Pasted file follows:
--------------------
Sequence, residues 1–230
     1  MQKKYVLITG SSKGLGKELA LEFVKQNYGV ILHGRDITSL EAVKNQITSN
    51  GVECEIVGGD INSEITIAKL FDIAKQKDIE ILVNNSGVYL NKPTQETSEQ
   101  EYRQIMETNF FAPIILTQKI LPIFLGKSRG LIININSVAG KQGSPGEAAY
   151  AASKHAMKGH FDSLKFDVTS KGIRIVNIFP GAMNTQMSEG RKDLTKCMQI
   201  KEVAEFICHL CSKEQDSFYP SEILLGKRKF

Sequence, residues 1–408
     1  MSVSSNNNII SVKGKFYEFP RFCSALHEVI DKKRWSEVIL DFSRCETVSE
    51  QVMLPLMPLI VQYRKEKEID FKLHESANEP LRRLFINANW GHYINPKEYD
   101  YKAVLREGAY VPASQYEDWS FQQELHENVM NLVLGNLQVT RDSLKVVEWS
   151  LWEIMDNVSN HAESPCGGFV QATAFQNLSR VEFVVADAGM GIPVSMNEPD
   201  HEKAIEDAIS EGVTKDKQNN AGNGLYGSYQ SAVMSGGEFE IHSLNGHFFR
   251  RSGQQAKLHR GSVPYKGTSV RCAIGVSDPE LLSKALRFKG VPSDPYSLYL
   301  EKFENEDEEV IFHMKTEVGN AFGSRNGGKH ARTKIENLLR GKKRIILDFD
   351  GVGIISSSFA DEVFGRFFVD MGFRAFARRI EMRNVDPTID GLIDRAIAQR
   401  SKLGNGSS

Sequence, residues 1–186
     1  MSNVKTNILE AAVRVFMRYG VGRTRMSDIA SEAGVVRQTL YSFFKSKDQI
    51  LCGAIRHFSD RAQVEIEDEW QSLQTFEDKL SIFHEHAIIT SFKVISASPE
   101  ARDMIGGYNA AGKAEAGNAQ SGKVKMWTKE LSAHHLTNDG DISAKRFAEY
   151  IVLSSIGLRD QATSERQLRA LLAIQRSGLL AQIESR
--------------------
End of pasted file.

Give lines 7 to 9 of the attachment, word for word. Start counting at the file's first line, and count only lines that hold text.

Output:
Sequence, residues 1–408
     1  MSVSSNNNII SVKGKFYEFP RFCSALHEVI DKKRWSEVIL DFSRCETVSE
    51  QVMLPLMPLI VQYRKEKEID FKLHESANEP LRRLFINANW GHYINPKEYD